The impact of ‘Game of Thrones’ on the world of popular culture is, at this point, undeniable. Thanks to the success of the HBO program, what began as a series of brutal fantasy novels by George R.R. Martin has transformed into a multimedia juggernaut, with the latest entry being the iOS title, Game of Thrones: Ascent. If you've played a social game before, you probably have a good idea of what's in store for you here, although there are a few noteworthy differences to keep your interest piqued.
When you're just beginning to play Game of Thrones: Ascent, try not to look around the various menus too much until they've been introduced to you naturally via the numerous tutorials. There is a lot to do here, and it's easy to become overwhelmed. Once you've chosen your name and an avatar of whatever gender, ethnicity and sexiness level you like best, you're pulled into a world of deceit, machinations and power-hungry royalty. For those of you who are diehard fans of the HBO series, rest assured— this is an officially licensed title, complete with all the characters, places and music you love. Those who aren't as familiar, however, will likely find themselves confused by the many different names being bandied about. If you don't know who the Starks, or the Lannisters, or the flippin' Tullys are, good luck figuring it out. Also, even though the books and television series are famous for their dark brutality, Ascent never gets darker than a darkish grey— don't come in expecting to play a game full of baby murdering and sexual assault.
Like other social games, Game of Thrones: Ascent's moment-to-moment gameplay mostly asks you to make decisions about where to allocate your resources and then wait as these decisions play out. The difference here, however, is that these decisions are actually important and can affect what happens to you. Most quests have multiple dialogue options, each of which can grant different resources and, more interestingly, different alignments. Much like the Light Side/Dark Side alignment system of similar Star Wars games, you'll be asked to make choices that push you towards being loyal to your family or loyal to your realm, new world (ie progressive) or old world (ie an archaically-minded caveman idiot), truthful or cunning. Decisions like these don't always impact the gameplay directly, (though they often do), but the more important factor here is how but they allow you to craft a choose-your-own-adventure-esque narrative for your character, deepening the role-playing experience.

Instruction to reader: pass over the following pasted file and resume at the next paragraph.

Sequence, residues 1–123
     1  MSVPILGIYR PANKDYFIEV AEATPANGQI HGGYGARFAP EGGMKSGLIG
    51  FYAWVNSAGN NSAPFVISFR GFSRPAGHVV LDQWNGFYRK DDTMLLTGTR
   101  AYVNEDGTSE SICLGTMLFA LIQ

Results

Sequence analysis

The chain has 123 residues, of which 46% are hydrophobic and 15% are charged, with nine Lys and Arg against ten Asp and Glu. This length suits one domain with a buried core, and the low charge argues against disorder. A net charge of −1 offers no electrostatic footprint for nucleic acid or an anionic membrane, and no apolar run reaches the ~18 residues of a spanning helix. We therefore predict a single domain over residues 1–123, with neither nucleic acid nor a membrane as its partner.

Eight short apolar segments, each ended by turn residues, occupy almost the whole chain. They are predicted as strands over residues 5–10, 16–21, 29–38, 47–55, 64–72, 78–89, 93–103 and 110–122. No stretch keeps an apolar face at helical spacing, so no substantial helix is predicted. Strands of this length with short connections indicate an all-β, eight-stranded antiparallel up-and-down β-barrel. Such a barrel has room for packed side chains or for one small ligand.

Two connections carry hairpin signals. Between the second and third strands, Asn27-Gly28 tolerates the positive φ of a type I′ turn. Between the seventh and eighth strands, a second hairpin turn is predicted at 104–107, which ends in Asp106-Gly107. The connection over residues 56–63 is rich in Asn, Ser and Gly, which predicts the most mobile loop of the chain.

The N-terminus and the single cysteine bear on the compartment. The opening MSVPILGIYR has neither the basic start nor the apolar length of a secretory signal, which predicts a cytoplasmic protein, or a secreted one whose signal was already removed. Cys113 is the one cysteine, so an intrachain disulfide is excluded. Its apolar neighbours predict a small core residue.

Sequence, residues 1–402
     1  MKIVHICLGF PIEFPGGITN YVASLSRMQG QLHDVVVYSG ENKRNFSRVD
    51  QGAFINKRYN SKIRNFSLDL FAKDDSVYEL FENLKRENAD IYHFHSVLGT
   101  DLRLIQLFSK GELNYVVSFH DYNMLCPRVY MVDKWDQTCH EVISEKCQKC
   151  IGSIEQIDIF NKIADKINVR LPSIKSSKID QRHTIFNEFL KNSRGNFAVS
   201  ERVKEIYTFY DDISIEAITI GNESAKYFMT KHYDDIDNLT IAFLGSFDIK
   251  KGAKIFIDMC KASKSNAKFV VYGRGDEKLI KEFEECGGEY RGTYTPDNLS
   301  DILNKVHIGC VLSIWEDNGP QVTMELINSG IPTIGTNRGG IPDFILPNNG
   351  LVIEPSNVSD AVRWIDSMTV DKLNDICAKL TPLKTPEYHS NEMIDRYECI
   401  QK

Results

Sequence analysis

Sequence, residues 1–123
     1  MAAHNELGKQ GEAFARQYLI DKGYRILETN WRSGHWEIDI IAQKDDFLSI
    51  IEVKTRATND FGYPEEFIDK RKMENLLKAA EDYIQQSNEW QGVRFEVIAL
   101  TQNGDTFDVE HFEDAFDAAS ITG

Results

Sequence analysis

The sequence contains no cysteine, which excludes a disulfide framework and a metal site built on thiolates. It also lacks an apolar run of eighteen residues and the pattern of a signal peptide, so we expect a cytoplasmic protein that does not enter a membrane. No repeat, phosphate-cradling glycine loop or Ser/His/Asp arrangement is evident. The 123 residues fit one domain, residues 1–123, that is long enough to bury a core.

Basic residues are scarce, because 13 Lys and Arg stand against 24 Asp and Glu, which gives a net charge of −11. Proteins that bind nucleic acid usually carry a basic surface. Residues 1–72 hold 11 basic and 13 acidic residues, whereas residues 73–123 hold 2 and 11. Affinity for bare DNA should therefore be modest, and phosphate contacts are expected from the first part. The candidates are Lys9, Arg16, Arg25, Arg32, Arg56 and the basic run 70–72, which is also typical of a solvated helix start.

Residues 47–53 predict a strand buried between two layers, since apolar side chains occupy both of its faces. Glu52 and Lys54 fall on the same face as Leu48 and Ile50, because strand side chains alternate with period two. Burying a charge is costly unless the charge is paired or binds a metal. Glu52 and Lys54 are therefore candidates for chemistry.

Outside of the branching dialogue choices of quests, there are dozens of other activities to spend your time on, like maintaining and upgrading a fortress, training and equipping your companions and choosing a family banner you think is the purtiest. Since this is a free-to-play title, however, there is a catch to all this: time. After you make it through the first few introductory chapters you'll find that most activities require progressively longer and longer amounts of time to complete— a decision made by the developers to push you towards the in-game store to make a few almighty in-app purchases. These purchases are generally pretty overpriced, with fees that go as high as $100, which is a ridiculous amount to ask someone to pay to play something like this. Also, it should be noted that Ascent is kind of buggy. It crashes, it glitches and it could use a little more polish.
If you're patient of hand, strong of wit and wish that you, too, could play the game of thrones, Game of Thrones: Ascent may scratch that itch. Sure, it's free-to-play, and it does plenty of the underhanded moves that free-to-play games like to do, like pushing you towards making overpriced in-app purchases to give you a temporary boost. If you can get past that you'll find an approachable, yet complex, role-playing game that offers a lot do, but never manages to quite break away from the shallowness of the freemium genre.
This review is based on a downloaded copy of Game of Thrones: Ascent for iOS.